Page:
Joan Chittister: The Problem With Clinging to Old Certainties

What do the great prophets—Amos, Hosea, Isaiah, Micah, Ezekiel and Jesus—have in common with us? asks Joan Chittister. And she answers: All of them were simple souls like you and me. Here’s an excerpt from Chittister’s book Cry of the Prophet that helps me understand how faith keeps us flexible in eras of great social change.

It is so easy to make God to our own image and likeness. It is so easy to see only the images we make of the Unimaginable, to the exclusion of all others. It is so easy to make God small and call that faith.

The evidence in every sector of human life makes the point all too well: open-mindedness, breadth of vision, the universal mind rise all too rarely in the human heart.

Fundamentalism, biblical literalism, reactionism and ideological extremism — all dispositions designed to freeze spiritual and social development to a given period — ride high now. The condition is not uncommon during periods of great social change and deep social stress. The situation begs for it, in fact. Given the loss of past absolutes and the shift in the social consensus on national values that come with technological development, major cultural transformations and new social realities, people cling to old certainties like shipwreck survivors to lifeboats.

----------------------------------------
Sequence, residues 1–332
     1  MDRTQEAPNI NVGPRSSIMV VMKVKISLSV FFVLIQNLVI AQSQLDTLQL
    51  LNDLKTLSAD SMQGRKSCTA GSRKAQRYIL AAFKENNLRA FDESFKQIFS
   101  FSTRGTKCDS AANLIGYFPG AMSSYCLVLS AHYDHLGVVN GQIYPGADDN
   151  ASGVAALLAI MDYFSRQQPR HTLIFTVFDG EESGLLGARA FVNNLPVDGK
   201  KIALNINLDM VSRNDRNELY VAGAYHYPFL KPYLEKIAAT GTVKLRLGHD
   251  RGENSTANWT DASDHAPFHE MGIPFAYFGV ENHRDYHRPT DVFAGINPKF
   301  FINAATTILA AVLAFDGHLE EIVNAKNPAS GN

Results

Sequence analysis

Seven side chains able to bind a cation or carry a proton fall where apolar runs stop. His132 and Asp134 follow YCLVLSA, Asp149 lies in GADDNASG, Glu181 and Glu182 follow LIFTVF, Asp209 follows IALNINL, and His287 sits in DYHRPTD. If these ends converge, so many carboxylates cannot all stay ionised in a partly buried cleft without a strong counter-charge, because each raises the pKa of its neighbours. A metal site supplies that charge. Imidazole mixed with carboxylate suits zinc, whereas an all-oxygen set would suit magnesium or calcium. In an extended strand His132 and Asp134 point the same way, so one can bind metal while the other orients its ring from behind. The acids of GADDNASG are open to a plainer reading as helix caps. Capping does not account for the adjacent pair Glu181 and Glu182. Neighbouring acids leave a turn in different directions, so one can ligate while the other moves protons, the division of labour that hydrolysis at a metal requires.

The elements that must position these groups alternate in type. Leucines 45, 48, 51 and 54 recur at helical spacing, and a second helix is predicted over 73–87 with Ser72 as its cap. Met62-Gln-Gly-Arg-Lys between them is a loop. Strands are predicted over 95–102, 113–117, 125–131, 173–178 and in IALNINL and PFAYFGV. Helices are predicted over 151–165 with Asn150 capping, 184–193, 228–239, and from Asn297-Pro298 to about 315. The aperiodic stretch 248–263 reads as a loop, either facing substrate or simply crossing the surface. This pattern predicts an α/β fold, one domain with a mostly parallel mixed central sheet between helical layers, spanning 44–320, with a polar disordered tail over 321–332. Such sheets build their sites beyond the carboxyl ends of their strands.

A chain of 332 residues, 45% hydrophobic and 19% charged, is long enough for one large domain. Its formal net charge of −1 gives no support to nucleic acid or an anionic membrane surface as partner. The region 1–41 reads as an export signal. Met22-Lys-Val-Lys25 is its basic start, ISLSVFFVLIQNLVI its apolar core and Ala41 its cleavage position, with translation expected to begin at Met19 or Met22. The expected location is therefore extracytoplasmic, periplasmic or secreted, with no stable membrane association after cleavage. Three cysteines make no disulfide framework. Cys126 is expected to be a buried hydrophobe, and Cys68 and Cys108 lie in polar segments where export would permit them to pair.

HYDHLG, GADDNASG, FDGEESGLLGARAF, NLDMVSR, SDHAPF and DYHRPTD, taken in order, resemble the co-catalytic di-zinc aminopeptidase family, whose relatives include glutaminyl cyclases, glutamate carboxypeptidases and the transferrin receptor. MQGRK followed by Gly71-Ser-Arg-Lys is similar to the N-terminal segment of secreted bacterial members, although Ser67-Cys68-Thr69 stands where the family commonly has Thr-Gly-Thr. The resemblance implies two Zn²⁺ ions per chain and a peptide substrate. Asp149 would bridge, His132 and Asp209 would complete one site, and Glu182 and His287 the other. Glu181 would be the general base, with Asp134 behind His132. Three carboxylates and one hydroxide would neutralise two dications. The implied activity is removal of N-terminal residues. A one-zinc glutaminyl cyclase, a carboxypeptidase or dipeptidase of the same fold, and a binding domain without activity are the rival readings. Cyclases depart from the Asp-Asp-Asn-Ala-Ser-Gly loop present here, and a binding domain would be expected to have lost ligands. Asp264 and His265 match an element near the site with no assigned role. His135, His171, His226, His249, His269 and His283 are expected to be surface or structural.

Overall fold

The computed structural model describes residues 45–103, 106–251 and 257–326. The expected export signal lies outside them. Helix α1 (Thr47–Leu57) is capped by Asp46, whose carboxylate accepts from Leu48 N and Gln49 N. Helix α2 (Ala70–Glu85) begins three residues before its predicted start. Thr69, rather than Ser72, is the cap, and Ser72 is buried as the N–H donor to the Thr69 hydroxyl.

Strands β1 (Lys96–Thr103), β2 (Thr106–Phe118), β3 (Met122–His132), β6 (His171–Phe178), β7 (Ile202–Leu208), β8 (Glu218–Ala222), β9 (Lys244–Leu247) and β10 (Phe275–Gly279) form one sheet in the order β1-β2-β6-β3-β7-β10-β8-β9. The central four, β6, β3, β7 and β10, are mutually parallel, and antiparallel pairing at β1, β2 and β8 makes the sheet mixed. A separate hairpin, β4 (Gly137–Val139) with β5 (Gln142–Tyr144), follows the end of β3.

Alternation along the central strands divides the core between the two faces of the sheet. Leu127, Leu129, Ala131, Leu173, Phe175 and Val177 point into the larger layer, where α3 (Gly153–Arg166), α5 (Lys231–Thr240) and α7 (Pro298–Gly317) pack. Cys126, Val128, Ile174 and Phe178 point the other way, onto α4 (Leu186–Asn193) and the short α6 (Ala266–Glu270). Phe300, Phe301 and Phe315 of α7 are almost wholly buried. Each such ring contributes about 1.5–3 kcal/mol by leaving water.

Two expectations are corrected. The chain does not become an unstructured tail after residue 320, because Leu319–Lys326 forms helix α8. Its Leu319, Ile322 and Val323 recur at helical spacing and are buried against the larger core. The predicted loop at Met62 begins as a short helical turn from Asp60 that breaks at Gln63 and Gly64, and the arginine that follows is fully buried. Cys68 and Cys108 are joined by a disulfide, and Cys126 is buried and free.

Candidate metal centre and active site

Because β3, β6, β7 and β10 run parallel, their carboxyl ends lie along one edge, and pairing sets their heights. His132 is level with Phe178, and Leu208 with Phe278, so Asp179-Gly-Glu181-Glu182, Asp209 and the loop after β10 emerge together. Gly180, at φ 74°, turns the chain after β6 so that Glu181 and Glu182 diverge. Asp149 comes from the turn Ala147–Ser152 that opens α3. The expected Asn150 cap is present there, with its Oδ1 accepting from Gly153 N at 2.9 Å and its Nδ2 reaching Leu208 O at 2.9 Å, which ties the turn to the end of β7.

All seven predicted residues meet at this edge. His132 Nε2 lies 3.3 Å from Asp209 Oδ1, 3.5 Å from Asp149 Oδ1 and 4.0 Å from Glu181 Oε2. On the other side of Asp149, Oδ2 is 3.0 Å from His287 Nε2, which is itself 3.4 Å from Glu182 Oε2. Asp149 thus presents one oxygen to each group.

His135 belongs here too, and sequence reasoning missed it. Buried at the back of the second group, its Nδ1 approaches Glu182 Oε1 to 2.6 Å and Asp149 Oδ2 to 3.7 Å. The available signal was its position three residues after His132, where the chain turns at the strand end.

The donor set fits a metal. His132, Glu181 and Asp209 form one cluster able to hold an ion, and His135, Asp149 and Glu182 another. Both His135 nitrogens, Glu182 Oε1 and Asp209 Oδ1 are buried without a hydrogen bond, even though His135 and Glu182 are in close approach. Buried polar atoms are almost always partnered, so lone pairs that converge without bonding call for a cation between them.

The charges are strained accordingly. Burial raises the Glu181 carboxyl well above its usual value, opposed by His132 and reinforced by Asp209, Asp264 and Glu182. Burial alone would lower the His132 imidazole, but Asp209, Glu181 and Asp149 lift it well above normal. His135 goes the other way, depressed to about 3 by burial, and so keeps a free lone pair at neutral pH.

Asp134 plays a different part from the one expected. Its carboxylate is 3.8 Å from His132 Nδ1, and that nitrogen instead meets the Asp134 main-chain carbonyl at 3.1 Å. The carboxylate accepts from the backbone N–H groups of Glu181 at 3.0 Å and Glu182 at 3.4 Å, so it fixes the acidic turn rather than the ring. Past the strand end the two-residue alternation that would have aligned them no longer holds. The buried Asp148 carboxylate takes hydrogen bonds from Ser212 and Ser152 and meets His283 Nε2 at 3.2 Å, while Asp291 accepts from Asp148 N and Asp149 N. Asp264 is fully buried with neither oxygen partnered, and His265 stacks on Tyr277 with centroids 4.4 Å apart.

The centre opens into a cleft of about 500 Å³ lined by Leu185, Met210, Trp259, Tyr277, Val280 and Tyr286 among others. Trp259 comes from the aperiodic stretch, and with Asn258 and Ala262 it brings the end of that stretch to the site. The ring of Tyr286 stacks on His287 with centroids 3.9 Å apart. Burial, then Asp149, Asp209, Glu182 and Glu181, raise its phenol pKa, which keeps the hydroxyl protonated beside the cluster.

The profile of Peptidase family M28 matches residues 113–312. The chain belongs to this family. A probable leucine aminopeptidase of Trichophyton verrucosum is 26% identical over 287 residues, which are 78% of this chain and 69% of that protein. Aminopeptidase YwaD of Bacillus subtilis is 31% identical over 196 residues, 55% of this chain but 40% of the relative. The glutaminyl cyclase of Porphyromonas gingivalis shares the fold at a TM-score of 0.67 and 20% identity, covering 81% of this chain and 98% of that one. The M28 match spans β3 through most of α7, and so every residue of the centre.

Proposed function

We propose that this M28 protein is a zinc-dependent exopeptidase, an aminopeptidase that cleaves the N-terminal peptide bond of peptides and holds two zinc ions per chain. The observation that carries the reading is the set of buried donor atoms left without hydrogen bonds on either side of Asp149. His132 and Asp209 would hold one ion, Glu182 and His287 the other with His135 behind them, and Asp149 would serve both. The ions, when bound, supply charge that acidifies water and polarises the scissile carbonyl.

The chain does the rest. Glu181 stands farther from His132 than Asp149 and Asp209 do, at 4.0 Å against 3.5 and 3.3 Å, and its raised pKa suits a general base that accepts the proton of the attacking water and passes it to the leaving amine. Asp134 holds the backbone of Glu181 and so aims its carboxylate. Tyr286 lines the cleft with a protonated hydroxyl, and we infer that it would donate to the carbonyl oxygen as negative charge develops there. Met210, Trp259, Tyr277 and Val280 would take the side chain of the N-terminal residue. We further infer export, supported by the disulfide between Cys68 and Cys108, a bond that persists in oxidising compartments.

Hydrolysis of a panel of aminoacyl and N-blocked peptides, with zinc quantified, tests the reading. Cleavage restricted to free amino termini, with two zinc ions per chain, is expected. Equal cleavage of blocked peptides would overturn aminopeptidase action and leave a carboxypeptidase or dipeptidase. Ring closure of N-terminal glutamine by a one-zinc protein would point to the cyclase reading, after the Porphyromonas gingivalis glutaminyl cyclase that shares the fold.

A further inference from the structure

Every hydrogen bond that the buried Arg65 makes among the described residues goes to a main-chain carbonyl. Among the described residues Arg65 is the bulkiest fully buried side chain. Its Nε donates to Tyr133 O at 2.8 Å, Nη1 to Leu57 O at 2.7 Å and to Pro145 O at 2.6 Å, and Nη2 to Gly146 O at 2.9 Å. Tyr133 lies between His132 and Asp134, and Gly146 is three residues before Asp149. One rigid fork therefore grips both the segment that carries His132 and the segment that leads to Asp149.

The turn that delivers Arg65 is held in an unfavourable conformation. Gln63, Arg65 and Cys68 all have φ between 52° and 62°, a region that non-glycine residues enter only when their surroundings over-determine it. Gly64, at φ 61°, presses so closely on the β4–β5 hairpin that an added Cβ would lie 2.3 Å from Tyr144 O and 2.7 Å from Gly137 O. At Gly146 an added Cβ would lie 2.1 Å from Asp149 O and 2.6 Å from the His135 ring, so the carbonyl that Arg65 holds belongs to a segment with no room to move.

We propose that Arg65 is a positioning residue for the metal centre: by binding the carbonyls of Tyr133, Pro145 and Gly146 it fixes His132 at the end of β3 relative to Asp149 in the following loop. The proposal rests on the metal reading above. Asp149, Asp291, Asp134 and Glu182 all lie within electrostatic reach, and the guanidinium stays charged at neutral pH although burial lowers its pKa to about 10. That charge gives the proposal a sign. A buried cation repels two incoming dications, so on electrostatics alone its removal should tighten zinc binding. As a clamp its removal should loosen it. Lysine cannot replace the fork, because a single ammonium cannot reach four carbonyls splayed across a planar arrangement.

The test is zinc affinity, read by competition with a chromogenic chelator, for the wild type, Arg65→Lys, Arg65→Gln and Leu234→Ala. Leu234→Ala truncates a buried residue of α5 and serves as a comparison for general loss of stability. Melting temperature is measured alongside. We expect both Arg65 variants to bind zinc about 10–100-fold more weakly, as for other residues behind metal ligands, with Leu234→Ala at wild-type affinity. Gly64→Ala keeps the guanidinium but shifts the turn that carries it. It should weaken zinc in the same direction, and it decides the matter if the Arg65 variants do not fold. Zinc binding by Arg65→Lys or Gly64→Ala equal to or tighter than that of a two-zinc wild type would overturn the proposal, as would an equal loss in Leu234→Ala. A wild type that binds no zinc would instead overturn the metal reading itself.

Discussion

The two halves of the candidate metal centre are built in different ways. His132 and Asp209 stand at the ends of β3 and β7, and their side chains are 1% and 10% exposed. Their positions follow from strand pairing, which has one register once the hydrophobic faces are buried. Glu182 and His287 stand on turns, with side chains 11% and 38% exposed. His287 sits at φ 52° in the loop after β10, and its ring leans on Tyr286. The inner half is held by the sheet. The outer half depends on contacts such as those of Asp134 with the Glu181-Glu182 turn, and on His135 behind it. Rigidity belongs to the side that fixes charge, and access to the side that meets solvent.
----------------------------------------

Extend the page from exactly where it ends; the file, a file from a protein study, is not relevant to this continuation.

It is precisely in times like those a world in flux needs a prophetic commitment to principle in the face of practices long since gone awry or begging to be reviewed again. What the world needs then is openness to the Holy Spirit and a commitment to basic tenets of truth and justice and goodness and to the Will of God for all humankind. We need a faith than can function in the present, not a religion that mirrors the past.

It is not an easy task, this openness to the Spirit. It demands that we let go of our own ideas to make way for new manifestations of the presence of God in time. It is not a comfortable call, this invitation of God to a dark walk toward a distant future, but it is the ultimate manifestation of response to the Spirit.

It takes vision…to see good will where we do not see a similarity of ideas. It takes courage…to admit the weaknesses within us that corrupt our strength and erode our hearts. It takes openness of heart to see God everywhere and in everyone when we assume that godliness is common only to us, to our groups and our nation and our church and our ideas.

Vision and courage and openness to the Spirit call us to breadth of vision, to softness of heart, to the expansion of our souls beyond our parochial worlds and chauvinistic politics and segregated social lives and intellectual blandness that mask as faith and parade as religion.–Joan Chittister, OSB

Excerpt from The Cry of the Prophet by Joan Chittister, OSB

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